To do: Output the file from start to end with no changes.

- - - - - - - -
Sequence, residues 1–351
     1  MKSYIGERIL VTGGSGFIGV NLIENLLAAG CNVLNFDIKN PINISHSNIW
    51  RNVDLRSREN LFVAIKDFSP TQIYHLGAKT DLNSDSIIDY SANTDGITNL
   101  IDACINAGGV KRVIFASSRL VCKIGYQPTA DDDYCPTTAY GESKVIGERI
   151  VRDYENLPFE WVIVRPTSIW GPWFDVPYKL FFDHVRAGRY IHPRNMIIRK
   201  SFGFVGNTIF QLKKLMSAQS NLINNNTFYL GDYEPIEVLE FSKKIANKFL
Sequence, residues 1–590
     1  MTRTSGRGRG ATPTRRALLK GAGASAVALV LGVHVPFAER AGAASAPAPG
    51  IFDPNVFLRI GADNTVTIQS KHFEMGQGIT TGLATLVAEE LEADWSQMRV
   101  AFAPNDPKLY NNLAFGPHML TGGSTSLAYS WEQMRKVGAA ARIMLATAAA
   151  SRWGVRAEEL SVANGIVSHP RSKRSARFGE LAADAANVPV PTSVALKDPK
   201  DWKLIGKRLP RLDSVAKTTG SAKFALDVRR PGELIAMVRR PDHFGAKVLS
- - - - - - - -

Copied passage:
Sequence, residues 1–351
     1  MKSYIGERIL VTGGSGFIGV NLIENLLAAG CNVLNFDIKN PINISHSNIW
    51  RNVDLRSREN LFVAIKDFSP TQIYHLGAKT DLNSDSIIDY SANTDGITNL
   101  IDACINAGGV KRVIFASSRL VCKIGYQPTA DDDYCPTTAY GESKVIGERI
   151  VRDYENLPFE WVIVRPTSIW GPWFDVPYKL FFDHVRAGRY IHPRNMIIRK
   201  SFGFVGNTIF QLKKLMSAQS NLINNNTFYL GDYEPIEVLE FSKKIANKFL
Sequence, residues 1–590
     1  MTRTSGRGRG ATPTRRALLK GAGASAVALV LGVHVPFAER AGAASAPAPG
    51  IFDPNVFLRI GADNTVTIQS KHFEMGQGIT TGLATLVAEE LEADWSQMRV
   101  AFAPNDPKLY NNLAFGPHML TGGSTSLAYS WEQMRKVGAA ARIMLATAAA
   151  SRWGVRAEEL SVANGIVSHP RSKRSARFGE LAADAANVPV PTSVALKDPK
   201  DWKLIGKRLP RLDSVAKTTG SAKFALDVRR PGELIAMVRR PDHFGAKVLS